Canadian Firefighter Magazine

Editor’s blog

Laura King   

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All right. All right. All right. I wasn’t going to dignify Margaret Wente’s column about underworked and overpaid firefighters with a response. I changed my mind when I read online some of the more than 600 comments about Wente’s May 19 musings –632 comments, to be exact. What I’m going to say may surprise you.

We could talk about salaries and arbitration and parity with police and doing more with less; we could talk about who responds to tornados, train derailments, floods – all the stuff Wente and the Fraser Institute report on which she bases her column neglect to mention. (You can read my response to the Fraser report here.)

Wente’s opening line, “It’s good to be a firefighter, especially if you live in a small town,” holds no water; most small Canadian communities are protected by volunteers. We all know that. And we know that working seven or eight 24-hour shifts a month means firefighters put in more hours on duty than many Canadians do over 30 days in their 8:30-to-4:30 worlds.

I’m preaching to the choir. But the choir – that’s you guys – better start singing more loudly and more clearly, and in perfect harmony; loudly and clearly enough to be heard by the taxpaying masses who added their two-bucks worth to Wente’s remarks and whose online vitriol drips with disdain. It’s not my job or your chief’s job or the union’s job to advocate for you because someone wrote something you don’t like (the OPFFA did make a decent video about what firefighters do but I’m not sure it reached those taxpaying masses). If you want to change public perception, then do something.

Lots of commenters wrote about how much it irks them to see firefighters in grocery stores shopping for their supper (none explained why). Others bashed firefighters for having second jobs building decks or renovating basements. “Cut back on firefighters and Home Depot would go out of business,” one said. There were several references to firefighter hero complexes and the fact that firefighter unions back certain political candidates.

There’s nothing wrong with buying groceries, building decks on the side or being politically active.

But public perception carries a lot of weight. And the public – or at least a good percentage of the people who read Ms. Wente’s column – perceives that firefighters are a bunch of louts who sleep soundly on shift, dress in their gear to unnecessarily respond to medical calls for which paramedics are more qualified, stop at Sobeys to pick up pork chops using fire-department dollars (yes we know that’s not the case), and, if they are in Ontario, end up on the sunshine list.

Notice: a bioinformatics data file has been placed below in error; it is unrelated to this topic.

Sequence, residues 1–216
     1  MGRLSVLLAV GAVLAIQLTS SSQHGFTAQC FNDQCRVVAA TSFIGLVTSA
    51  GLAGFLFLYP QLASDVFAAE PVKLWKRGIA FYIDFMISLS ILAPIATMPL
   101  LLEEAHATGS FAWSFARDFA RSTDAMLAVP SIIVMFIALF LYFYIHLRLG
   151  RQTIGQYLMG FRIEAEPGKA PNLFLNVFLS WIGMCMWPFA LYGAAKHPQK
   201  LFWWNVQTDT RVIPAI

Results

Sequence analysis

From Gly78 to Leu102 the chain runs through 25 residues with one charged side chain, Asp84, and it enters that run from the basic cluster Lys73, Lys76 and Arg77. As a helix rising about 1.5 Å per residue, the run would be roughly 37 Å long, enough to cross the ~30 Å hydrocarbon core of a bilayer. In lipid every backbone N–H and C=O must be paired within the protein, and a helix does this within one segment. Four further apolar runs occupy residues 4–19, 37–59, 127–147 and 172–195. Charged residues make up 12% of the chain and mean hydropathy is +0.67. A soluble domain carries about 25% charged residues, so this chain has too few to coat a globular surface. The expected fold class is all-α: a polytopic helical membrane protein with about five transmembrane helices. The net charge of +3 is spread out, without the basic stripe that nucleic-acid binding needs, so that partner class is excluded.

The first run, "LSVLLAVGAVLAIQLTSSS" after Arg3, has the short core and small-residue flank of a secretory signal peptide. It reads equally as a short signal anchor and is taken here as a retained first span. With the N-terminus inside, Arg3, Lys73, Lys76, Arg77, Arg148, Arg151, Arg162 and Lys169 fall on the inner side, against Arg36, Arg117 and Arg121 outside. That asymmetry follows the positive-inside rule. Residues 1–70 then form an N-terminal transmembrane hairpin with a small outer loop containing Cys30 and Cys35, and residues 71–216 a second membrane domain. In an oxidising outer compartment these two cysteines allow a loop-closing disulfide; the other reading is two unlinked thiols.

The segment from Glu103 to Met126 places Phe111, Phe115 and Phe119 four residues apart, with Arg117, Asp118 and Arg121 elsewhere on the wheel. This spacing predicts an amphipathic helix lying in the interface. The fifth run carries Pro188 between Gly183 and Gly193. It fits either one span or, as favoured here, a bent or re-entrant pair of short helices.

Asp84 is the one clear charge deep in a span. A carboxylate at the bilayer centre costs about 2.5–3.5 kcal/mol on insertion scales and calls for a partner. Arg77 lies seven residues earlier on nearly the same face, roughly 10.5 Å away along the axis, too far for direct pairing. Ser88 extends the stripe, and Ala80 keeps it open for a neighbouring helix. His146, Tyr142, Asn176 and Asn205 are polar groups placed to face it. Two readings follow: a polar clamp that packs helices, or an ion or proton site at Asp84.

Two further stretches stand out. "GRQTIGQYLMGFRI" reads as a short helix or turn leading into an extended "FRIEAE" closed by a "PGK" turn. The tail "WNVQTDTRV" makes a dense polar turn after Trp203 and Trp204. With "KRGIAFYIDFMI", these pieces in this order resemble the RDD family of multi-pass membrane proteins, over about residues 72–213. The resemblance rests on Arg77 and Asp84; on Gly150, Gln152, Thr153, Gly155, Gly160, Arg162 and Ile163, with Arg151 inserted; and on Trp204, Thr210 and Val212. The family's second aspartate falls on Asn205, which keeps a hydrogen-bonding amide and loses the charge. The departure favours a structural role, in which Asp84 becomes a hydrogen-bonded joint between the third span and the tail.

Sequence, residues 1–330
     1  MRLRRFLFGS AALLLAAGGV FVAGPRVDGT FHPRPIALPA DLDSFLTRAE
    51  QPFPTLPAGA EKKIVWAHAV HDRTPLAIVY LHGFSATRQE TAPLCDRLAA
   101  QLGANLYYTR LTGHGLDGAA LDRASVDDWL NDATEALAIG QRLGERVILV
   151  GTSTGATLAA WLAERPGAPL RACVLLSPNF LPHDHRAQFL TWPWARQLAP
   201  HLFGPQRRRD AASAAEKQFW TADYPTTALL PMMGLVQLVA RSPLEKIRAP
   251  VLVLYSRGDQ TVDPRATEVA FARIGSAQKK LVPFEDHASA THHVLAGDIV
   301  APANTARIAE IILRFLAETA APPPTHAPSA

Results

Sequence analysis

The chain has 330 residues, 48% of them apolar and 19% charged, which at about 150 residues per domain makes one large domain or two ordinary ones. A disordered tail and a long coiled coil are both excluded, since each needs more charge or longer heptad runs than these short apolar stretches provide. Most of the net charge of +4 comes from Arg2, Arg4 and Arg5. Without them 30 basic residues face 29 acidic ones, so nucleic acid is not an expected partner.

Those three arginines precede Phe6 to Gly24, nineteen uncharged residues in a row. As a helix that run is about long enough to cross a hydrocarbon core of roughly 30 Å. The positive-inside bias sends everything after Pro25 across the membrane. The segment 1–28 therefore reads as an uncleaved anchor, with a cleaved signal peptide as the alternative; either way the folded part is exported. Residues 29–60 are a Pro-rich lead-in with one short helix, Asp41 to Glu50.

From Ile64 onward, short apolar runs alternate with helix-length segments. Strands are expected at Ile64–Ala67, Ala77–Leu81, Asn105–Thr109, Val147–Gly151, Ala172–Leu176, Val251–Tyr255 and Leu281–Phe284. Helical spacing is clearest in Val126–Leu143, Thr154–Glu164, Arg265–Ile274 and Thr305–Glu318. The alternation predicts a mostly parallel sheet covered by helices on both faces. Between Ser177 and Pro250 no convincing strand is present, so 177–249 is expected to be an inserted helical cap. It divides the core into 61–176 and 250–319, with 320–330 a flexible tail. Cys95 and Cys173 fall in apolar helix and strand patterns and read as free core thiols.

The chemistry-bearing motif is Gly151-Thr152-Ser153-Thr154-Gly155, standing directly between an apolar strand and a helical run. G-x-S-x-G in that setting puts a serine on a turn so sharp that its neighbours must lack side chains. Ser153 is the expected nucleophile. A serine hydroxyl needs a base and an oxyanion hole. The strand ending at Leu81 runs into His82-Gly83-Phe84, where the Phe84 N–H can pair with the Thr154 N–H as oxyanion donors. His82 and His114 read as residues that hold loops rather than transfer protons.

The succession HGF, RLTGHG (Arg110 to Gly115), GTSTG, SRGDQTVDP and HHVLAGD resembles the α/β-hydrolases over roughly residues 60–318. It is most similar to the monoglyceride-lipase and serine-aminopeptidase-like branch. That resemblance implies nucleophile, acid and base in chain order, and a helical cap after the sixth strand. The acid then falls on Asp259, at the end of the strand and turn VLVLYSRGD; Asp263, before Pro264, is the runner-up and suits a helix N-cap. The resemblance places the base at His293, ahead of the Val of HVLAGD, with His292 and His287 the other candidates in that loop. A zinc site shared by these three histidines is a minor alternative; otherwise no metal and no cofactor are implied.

The taxpaying masses also perceive, and perhaps in this case more rightfully so, that firefighters are asking for more in their contracts but want to do less – premium pay for training, fewer shifts, more vacation, more leave days, more benefits.

Does it matter what people think? If 632 Globe readers took the time to comment –we at Fire Fighting in Canada know that readers respond only to what really annoys them – then yeah, it matters, particularly if you let it get to you. And, many firefighters and firefighter associations seemingly do just that.

So how do firefighters – you guys – make the taxpaying public understand that you don’t sit on your well-paid, well-toned behinds all day waiting for calls from Mrs. Smith? How do you make people grasp the fact that the municipalities in which these angry commenters live – and the politicians they elected – determine the levels of service?

When firefighters in Slave Lake, Alta., were chastised after a wildfire burned part of the town rather than praised for saving an even bigger portion of the community, Fire Chief Jamie Coutts made YouTube videos explaining how long and hard his team worked, what they saved, how overwhelming the fire was. He used social media to turn the tables on the naysayers. Several of our Fire Fighting in Canada columnists have written about marketing your department to your community and helping to change negative public perception; doing so requires work, they note.

You are smart people. If you don’t like what Globe and Mail readers or the Fraser Institute says (even if it is inaccurate) turn the tables. Do something about it. Me and at least 632 others will be watching.

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